Just. WOW

This entry might be a bit extensive, but WOW! It is worth it. 

After our second successful attempt to see the shoebill, it was time to go to our very first pre-booked experience of the trip. So far, we had just been winging it, going with the flow of our energy. We planned to split the drive to Kibale in about half. Our first stop was close to the village Kyegegwa, camping on a grass spot at the Katente Country Resort. The trip was only 200 km, but it would take us 4 hours. Long story short, the roads were horrible. We have been on bad roads in Kenya and on the dirt road that made us crash towards Kidepo, but we both agreed that this road was way worse. What made this road bad, is the fact that it is tarmac, but with random giant potholes. We would be driving at a reasonable 60 km/h, and suddenly stumble upon huge potholes that could not be avoided without major zig-zags from left to right. Certain stretches were lacking tarmac completely. The inconsistency between fairly good roads and parts filled with unavoidable potholes, made us decide to just slow down completely and drive very slowly, even on the good roads, to avoid sudden braking and still ending up in potholes. 

We were happy to arrive at Kyegegwa, but were a bit hungry. We tried to order some food, but the not so friendly lady at the canteen told us the only option was fries. 'And if we want to order for dinner?'. Also fries. As we left the canteen she shouted 'Maybe some beans too'. We asked the much more friendly lady at the reception if she could order us some Rolex from the village  and she said it was no problem. We set up our rooftop tent, spent some time enjoying our sudokus under the awning and we decided that for dinner we would cook ourselves some noodles. The friendly lady opened up a room for us, so that we could use the toilet, which was great. We feel so blessed with all the amazing people we have met in Uganda. Everyone feels genuinely friendly (well, almost everyone) and they do their best to make us feel at home. We went to bed early, because the next day we were set to leave for Kibale National Forest. 

The road to Kibale continued as we left it: full of potholes. Fortunately, we were able to leave early. We were woken up by all the beautiful birds, had another Rolex from the village for breakfast and broke up camp quickly. This gave us the opportunity to drive to our destination slowly and still be on time. We kept trying to avoid the potholes and arrived at the wonderful Isunga Lodge early afternoon. The lodge is set on a ridge at the edge of Kibale National Forest, with some of the most amazing views we have seen in Uganda. We could see all the way to Queen Elizabeth National Park and Lake Edward and had a wonderful view of Kibale National Forest. After lunch, Jeroen went to the Uganda Wildlife Authorities office to register our permits there and to be informed on the time of our trek the next day. After that it was time again for some admin.  

The next day, we were up quite early. We were expected to be at the UWA Kanyanchu Visitor Center at 6 AM. We took our coffee and our Rolex breakfast and headed out at 5:30 AM. The visitor center was easy to find and as we arrived, we were clearly the first visitors there. As we turned off our car, we saw a light turn on at the center. We had our permits checked again, had our coffee and Rolex and waited for the briefing to start. This was a perfect way to wake up slowly. There was another friendly couple from Canada, who were to do the trek with us. Their driver took all of us, including our ranger to the starting point of the trek.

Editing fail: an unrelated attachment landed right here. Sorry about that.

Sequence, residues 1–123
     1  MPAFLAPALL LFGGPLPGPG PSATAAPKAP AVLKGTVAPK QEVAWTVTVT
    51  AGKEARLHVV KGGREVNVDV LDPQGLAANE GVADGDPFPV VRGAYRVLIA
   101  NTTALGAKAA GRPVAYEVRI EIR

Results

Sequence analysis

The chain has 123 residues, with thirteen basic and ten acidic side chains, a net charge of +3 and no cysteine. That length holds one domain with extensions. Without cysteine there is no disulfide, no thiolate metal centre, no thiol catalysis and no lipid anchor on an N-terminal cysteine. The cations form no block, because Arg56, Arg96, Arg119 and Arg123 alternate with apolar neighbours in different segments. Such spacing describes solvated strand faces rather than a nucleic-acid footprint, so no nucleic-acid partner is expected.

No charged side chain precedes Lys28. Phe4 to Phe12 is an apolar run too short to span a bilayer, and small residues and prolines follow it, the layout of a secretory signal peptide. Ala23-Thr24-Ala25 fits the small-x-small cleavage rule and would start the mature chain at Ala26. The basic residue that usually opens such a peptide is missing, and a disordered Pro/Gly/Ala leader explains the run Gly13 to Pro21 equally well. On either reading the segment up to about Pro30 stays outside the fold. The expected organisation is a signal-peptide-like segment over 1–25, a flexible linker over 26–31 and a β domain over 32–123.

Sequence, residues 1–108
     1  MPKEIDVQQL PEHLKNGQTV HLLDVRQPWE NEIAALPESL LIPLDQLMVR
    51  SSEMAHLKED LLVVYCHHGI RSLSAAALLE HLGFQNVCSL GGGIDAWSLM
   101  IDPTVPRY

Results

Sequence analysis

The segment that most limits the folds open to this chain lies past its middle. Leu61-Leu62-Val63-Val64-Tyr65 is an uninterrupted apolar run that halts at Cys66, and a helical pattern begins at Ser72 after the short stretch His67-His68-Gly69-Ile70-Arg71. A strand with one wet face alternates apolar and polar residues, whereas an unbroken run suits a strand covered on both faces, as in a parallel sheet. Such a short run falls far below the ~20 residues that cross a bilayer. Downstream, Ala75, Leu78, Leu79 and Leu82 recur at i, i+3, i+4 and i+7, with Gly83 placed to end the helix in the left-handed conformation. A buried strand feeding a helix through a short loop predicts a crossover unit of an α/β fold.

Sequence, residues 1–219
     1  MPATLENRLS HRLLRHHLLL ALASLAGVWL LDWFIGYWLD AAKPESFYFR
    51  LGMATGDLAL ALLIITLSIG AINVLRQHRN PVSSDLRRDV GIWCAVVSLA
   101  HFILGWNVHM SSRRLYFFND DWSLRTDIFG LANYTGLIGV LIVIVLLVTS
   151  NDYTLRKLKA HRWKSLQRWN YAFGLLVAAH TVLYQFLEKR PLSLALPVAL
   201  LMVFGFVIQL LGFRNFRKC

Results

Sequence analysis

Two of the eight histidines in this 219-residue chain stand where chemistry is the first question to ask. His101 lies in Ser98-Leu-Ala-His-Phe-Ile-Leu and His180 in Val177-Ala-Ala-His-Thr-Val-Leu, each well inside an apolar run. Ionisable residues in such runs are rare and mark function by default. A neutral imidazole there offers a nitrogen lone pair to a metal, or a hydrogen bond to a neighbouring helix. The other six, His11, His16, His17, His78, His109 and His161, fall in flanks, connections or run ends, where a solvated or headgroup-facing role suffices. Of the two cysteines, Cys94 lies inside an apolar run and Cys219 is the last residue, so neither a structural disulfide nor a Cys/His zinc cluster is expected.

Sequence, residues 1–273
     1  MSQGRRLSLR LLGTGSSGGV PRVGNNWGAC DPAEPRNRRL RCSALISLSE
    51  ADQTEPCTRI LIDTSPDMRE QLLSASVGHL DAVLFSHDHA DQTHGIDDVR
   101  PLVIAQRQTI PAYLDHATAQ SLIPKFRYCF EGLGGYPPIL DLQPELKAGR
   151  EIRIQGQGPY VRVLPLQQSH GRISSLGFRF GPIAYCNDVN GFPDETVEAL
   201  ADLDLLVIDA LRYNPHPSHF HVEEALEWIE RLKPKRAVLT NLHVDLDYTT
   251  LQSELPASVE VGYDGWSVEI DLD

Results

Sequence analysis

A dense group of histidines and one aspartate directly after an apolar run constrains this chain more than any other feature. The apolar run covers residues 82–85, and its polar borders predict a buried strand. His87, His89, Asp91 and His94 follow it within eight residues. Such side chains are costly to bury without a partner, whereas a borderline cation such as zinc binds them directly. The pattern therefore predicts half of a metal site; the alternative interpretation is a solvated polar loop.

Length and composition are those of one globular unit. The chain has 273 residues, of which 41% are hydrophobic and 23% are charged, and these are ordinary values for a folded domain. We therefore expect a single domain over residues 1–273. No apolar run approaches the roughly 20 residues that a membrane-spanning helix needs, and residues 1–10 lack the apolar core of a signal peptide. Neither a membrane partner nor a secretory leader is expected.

Our armed ranger, Benson, turned out to be an avid birder. This to Emma's great joy, as she is also becoming a true birder. Benson kept talking about a guy called 'Peter', and we keep wondering why. In the meantime, we are walking for about 2 hours without seeing the animals we have come here for. Then, Benson suddenly speeds off for a few minutes, leaving us bewildered, as he searches for a good cell connection to call his colleagues to ask for the location of the chimp group. Unfortunately the message he gets is 'they have left for the dense forests and cannot be reached'. We turn around and hope to find another group.

As we head back, Benson suddenly stops and looks up. He informs us to be quiet and we comply. Then he tells us we might see this Peter. We step off the track and look up. It is then that we find out he meant a Pitta, a small bird of which a certain subspecies can only be found in this forest. Unfortunately, despite our efforts, we do not manage to see the little bird. Apparently we have run out of karma points. 

We continue our hike through the forest. Benson has been able to contact some of his colleagues. Maybe we are not out of karma points after all...

We continue hiking for about half an hour and there we find a group of people. Not quite what we were expecting of course. They seem to look up, and so do we. Excitement and disappointment come together. We have seen the CHIMPANZEES! But they are all the way up in the canopy. Anyway, we just enjoy the time we have with them, even though they are all the way up there.